Oheneba Lovelace Prempeh

Countries all over the world accept that they do not control the prices of their imports, and Ghana is no exception. In shopping malls and neighbourhood provisions stores, shoppers accept the displayed prices of commodities and buy what they can afford.

The government does not interfere with the prices in sales outlets, including in the ever popular Makola market. But, when it comes to imported petroleum products, the story appears to be different. Because the prices of refined petroleum products impact on almost every economic activity in Ghana, the government's keen interest is understandable.

Oheneba Lovelace Prempeh, could not have described the situation more succinctly: "Tema Oil Refinery (TOR) is Ghana's central nervous system."

Mr. Prempeh is a credible reference point having worked for the nation's only refinery, as deputy managing director for 13 years. During that period, he was also the finance director of the company. A paper he wrote on Ghana's oil and gas industry last year provided broad insights into what Ghanaians can expect of the sector going forward.

He explained: "TOR consumes more than 40% of Ghana's export earnings, by way of petroleum imports and generates a significant portion of the government's fiscal revenues through taxes and levies on petroleum products."

It seems that because of the important place petroleum products occupy in the national economic system, their pricing is treated differently from other equally essential imports.
Currently, the National Petroleum Authority (NPA) sets the prices of petroleum products in the country.

However, due to what some analysts consider government's irrational fear of losing power, the pricing of petroleum products has often been subject to political interference, much to the detriment of TOR, oil wholesalers and importers.

Yet, the pricing of petroleum products in Ghana, has not always been determined by government or its agencies.

Before the establishment of TOR in 1961, imported refined petroleum products, similarly to other imported goods, were brought into the country and sold by multinational companies.

When TOR started operations, the expatriate oil marketing companies (OMCs) such as Shell, Texaco, Total and others, were stopped from importing refined petroleum products.  Instead, they were given the responsibility by government to import the crude oil required by TOR, for processing into finished products.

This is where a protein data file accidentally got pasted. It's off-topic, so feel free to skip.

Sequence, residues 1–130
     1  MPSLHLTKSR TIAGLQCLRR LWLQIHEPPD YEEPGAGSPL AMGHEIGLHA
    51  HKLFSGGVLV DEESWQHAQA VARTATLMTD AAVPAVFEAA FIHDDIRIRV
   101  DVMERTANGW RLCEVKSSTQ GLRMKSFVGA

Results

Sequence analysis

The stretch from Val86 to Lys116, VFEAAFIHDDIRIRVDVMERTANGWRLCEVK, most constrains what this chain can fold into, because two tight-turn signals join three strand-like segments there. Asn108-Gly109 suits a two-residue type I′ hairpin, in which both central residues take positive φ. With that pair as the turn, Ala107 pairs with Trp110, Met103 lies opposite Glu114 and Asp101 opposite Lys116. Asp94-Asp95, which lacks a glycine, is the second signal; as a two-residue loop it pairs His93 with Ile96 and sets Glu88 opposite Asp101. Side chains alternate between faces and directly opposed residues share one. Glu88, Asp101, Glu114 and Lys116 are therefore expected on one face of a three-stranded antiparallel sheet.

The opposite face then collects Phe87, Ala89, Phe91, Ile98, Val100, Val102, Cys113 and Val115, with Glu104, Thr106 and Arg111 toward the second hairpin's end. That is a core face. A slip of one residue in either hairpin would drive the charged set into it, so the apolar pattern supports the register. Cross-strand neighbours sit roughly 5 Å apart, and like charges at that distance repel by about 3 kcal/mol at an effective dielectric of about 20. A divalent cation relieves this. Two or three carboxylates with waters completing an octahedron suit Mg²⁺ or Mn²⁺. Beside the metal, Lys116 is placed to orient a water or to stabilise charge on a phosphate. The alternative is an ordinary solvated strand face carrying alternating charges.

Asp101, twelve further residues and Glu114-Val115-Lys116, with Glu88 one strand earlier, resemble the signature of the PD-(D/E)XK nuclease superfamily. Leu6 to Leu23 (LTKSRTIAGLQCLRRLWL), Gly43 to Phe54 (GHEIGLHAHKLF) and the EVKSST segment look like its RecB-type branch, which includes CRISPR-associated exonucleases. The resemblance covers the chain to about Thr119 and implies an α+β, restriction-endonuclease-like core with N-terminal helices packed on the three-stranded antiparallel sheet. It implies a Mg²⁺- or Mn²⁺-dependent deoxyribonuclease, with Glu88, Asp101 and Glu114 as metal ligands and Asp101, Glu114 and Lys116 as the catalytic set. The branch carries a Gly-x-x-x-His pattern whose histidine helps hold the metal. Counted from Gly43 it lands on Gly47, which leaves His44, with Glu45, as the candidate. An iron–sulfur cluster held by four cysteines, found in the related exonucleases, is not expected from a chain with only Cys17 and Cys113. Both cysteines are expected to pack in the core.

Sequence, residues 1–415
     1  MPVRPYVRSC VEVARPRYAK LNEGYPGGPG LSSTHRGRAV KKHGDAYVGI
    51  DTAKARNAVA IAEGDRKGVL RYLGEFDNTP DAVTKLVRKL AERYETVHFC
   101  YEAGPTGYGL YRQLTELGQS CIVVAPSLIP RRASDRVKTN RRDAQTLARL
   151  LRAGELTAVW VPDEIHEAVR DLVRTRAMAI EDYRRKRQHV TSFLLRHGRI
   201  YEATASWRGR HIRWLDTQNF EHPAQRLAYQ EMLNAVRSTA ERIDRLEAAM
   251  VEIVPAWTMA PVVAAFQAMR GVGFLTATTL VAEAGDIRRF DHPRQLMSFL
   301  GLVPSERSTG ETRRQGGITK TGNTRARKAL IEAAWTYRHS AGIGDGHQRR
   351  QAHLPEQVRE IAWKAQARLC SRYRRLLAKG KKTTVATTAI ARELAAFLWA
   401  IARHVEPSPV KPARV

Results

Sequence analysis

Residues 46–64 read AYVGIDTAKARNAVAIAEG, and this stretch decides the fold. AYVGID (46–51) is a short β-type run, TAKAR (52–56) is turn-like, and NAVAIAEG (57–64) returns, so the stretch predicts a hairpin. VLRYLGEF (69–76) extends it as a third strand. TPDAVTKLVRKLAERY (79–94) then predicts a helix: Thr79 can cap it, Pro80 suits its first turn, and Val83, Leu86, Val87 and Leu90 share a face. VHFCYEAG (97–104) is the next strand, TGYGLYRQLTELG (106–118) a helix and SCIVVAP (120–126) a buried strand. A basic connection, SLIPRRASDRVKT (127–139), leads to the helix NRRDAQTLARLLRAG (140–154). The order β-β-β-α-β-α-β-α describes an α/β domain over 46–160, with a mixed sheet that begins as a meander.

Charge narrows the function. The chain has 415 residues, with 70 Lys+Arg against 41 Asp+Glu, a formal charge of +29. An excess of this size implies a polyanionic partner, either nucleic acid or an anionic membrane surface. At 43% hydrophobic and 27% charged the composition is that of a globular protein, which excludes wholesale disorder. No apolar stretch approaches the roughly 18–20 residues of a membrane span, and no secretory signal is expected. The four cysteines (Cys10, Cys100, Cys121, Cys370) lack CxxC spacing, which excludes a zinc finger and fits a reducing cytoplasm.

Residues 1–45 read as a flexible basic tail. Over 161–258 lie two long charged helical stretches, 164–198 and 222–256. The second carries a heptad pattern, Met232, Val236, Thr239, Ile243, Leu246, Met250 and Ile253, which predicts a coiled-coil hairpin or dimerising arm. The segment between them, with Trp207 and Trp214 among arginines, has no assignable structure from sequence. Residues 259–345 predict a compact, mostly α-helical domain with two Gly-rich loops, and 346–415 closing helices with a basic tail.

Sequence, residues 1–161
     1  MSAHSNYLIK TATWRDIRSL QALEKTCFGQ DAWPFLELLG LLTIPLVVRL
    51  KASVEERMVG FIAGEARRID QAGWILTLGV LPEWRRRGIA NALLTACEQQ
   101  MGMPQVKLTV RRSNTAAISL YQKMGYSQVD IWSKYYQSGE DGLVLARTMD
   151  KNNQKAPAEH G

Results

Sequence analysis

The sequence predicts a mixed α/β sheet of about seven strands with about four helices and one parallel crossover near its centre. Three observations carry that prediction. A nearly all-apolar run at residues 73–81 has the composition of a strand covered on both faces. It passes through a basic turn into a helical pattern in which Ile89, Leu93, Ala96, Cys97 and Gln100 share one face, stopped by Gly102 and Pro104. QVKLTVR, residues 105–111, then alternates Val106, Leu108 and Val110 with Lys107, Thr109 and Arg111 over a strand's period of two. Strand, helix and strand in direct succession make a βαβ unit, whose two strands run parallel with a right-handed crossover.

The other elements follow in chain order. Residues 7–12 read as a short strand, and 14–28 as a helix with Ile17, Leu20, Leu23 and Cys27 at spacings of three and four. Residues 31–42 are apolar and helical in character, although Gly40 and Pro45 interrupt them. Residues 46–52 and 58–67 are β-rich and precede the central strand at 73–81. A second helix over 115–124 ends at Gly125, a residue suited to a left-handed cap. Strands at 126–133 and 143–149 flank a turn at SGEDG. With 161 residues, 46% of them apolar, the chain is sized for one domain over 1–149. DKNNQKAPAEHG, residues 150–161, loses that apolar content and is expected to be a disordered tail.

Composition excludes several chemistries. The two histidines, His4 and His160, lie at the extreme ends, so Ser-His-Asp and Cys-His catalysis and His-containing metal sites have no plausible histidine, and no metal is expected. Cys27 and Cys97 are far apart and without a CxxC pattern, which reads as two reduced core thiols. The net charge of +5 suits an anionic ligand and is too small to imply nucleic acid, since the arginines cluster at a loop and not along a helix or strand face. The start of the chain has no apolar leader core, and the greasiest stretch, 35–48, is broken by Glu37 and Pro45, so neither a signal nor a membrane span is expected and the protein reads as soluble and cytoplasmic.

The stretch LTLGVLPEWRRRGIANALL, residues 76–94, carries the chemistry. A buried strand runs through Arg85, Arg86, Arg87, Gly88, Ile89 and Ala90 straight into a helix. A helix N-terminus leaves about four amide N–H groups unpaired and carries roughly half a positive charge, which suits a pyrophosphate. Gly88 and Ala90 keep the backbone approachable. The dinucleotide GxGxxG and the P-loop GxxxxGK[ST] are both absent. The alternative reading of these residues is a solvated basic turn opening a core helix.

Mr. Prempeh is a credible reference point having worked for the nation's only refinery, as deputy managing director for 13 years. During that period, he was also the finance director of the company.
A paper he wrote on Ghana's oil and gas industry last year provided broad insights into what Ghanaians can expect of the sector going forward.

According to Mr. Prempeh's paper, the expatriate OMCs negotiated and signed a processing agreement with TOR. After processing, the refined products belonged to the expatriate OMCs, who then paid the negotiated processing fee to TOR, after which they added their margin, fixed their ex-pump selling prices and sold the petroleum products to the public. There was no interference from the government at the time.

"In 1965, the government cancelled the agreement with the expatriate OMCs and stopped them from importing crude oil for processing at the refinery. Thereafter, responsibility for crude oil importation was transferred to the petroleum department of Ghana Supply Commission," Prempeh said.

He added: "The Ghana Supply Commission negotiated a new processing agreement with TOR. From 1965 onward, the imported crude oil and TOR refined products belonged to the Ghana Supply Commission. After paying the negotiated processing fee to TOR, it was the Ghana Supply Commission that marketed and sold the finished petroleum products to the expatriate OMCs. At that time, there was no established formula for determining ex-refinery prices. Once again, there was no interference from the government."

During the entire time that the suppliers of crude oil to TOR changed from the expatriate OMCs to the Ghana Supply Commission, prices of petroleum products were being determined by market forces. As a result, the refinery remained profitable, making respectable revenues from the processing fees it charged from the suppliers and owners of the crude oil.  

The remaining story of how the Ghana Supply Commission was replaced by the Ghana National Petroleum Corporation (GNPC), soon after the former was created in 1983, is familiar to many Ghanaians.

According to GB&F's highly placed industry source, TOR's problems started when it assumed the responsibility for importing and owning its own crude oil from GNPC in 1996.